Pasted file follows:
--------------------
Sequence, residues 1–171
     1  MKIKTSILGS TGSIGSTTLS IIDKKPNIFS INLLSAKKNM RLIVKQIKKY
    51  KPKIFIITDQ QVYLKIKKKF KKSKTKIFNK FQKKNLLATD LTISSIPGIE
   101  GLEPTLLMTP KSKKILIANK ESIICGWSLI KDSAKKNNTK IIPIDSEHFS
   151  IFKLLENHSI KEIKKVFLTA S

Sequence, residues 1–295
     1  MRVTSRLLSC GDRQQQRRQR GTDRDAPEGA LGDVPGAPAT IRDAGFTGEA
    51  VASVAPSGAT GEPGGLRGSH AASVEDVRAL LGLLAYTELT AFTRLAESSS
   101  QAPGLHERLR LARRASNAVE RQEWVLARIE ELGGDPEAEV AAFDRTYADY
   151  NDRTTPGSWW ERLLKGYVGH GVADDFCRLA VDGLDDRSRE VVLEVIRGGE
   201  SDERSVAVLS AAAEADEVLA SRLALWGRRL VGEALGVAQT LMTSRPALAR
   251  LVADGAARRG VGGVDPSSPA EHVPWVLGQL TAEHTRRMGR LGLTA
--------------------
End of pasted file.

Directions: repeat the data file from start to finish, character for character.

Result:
Sequence, residues 1–171
     1  MKIKTSILGS TGSIGSTTLS IIDKKPNIFS INLLSAKKNM RLIVKQIKKY
    51  KPKIFIITDQ QVYLKIKKKF KKSKTKIFNK FQKKNLLATD LTISSIPGIE
   101  GLEPTLLMTP KSKKILIANK ESIICGWSLI KDSAKKNNTK IIPIDSEHFS
   151  IFKLLENHSI KEIKKVFLTA S

Sequence, residues 1–295
     1  MRVTSRLLSC GDRQQQRRQR GTDRDAPEGA LGDVPGAPAT IRDAGFTGEA
    51  VASVAPSGAT GEPGGLRGSH AASVEDVRAL LGLLAYTELT AFTRLAESSS
   101  QAPGLHERLR LARRASNAVE RQEWVLARIE ELGGDPEAEV AAFDRTYADY
   151  NDRTTPGSWW ERLLKGYVGH GVADDFCRLA VDGLDDRSRE VVLEVIRGGE
   201  SDERSVAVLS AAAEADEVLA SRLALWGRRL VGEALGVAQT LMTSRPALAR
   251  LVADGAARRG VGGVDPSSPA EHVPWVLGQL TAEHTRRMGR LGLTA